live for deeper values.
Is this a valid approach to Scripture in the present climate of thought? It
is not easy to give a simple "yes" or a simple "no." As I suggested at the
outset, the most forbidding aspect of Swedenborg's treatment of Scripture
is surely its detail. He himself never gives us the kind of overview I have
just suggested. He starts at the beginning and proceeds verse by verse.
Every event, every person, every place in Genesis and Exodus is assigned a
meaning. Some who have made the effort to master the vocabulary have avowed
themselves convinced by its consistency, though at the risk of making
interpretation a relatively mechanical procedure. The most thorough study
of the principles of interpretation, William Frederic Pendleton's The
Science of Exposition,<13> indicates clearly that Swedenborg is talking
about a rather subtle and complex process. One must pay particular
attention, for example, to "the series"-Swedenborg's way of insisting that
passages are not to be pulled out of context; and the mood of a passage may
be as vital a clue to its meaning as any particular word or phrase.
Especially, Swedenborg insists repeatedly that the attitude of the reader
I have been told by angels that the Lord's Word is a dead letter, but that
while it is being read it is brought to life by the Lord in accord with
each individual's ability. It comes to life according to [one's] life of
thoughtfulness [charitatis] and state of innocence, with immeasurable
If one is reading it as historian, then, the kind of meaning Swedenborg is
primarily concerned with will be irrelevant. If one is reading it to
marshal support for preconceived theological stances, the same will hold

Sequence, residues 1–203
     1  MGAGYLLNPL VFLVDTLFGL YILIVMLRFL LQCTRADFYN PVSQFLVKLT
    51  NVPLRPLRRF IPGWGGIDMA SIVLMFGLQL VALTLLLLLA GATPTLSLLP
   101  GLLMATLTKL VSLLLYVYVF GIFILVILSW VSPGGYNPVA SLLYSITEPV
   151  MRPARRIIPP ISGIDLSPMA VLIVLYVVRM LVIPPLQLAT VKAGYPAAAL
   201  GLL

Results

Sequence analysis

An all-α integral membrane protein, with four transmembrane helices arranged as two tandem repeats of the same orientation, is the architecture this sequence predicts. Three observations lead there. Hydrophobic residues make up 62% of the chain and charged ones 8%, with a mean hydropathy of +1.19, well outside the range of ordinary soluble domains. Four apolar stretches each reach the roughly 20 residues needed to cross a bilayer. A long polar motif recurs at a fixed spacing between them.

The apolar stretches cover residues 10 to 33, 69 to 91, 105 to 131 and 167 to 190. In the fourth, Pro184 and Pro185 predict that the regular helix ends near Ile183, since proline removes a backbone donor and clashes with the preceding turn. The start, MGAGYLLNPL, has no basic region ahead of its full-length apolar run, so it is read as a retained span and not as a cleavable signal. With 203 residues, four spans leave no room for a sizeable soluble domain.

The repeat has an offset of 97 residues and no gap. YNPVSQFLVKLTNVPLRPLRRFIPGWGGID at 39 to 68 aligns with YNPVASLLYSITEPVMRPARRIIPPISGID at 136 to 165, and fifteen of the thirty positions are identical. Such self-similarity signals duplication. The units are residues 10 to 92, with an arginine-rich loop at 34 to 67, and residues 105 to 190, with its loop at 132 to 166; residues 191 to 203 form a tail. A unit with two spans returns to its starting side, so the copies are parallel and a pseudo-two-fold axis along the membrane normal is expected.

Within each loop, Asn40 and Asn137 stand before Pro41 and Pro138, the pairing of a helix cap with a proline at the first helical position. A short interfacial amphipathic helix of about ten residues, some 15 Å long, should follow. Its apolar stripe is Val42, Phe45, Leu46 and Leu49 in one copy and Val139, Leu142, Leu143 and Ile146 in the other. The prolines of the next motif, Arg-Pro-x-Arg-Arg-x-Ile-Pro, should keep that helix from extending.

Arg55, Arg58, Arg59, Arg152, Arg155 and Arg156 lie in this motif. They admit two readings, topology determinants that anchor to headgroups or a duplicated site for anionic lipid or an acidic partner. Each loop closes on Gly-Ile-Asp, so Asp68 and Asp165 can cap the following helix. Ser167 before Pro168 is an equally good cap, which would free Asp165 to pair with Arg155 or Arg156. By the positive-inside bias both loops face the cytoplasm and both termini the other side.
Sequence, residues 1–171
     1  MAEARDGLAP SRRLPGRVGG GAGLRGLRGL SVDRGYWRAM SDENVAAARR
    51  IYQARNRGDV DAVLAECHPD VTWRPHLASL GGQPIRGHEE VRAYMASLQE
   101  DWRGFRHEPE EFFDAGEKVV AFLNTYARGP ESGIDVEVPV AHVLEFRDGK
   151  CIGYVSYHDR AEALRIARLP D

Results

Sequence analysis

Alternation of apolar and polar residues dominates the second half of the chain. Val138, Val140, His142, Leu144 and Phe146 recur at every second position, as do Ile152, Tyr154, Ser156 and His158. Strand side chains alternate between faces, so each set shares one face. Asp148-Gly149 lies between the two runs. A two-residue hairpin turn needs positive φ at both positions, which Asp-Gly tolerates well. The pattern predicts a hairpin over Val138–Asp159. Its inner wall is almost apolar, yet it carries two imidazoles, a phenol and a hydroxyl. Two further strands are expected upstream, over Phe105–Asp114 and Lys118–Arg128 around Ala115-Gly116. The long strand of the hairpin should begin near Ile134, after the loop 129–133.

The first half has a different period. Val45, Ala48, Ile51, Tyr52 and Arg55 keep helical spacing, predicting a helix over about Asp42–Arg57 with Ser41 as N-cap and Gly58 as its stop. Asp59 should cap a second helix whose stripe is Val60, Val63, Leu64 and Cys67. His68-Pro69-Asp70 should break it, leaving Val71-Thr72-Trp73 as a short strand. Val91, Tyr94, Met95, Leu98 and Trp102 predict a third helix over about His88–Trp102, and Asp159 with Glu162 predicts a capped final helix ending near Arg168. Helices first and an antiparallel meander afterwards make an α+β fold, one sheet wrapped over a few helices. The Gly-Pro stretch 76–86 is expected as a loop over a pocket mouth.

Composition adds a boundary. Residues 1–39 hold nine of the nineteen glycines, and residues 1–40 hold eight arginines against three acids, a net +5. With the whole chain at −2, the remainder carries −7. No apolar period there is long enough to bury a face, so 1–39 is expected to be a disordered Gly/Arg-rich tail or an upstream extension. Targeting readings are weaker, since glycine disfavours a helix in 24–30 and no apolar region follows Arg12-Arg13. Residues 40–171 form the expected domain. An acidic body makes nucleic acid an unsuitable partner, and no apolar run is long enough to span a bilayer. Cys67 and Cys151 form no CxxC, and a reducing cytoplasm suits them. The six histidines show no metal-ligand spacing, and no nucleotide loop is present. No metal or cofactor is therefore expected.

true. There is little question what attitude Swedenborg advocates, or why.
It is recognized that there are many people in the church who are
influenced by the Lord's Word and devote a great deal of labor to reading
it. But there are few who do so with a view to being taught about the
truth. Most of them actually stay within their own dogma and just work to
confirm it from the Word. They seem to be involved in an affection for the
truth, but they are not. The only people who are involved in an affection
for the truth are those who love to be taught about what is true, that is,
to know what is true, and who search the scriptures with this end in view.
No one is involved in this affection except those who are focused on what
is good-that is, on thoughtfulness toward the neighbor, and even more so
those who are in a love for the Lord. For them, the good itself is flowing
into the true and producing the affection, since the Lord is present in
I would urge that there is both wisdom and pertinence to the statement of
the obvious in the first part of this quotation, namely that people come to
Scripture with a variety of purposes. This impinges directly on the
question of the validity of spiritual interpretation, since it forces us to
ask the question, "Valid for what-or for whom?" Within the framework of
Swedenborg's metaphysics, his method of scripture interpretation is not
only valid, but virtually inescapable. The whole physical world is a
theater expressive of the Divine:
The universe in its greatest and smallest parts, in its first and its last
forms, is so full of divine love and divine wisdom that we could say it is
divine love and divine wisdom in image . . . . The created universe is an
image that portrays the God-Man, and . . . his love and wisdom are . . .
presented in the universe in an image.<16>
If we look, we can find the Divine represented everywhere.
The exegetical pluralism that follows from the variety of purposes is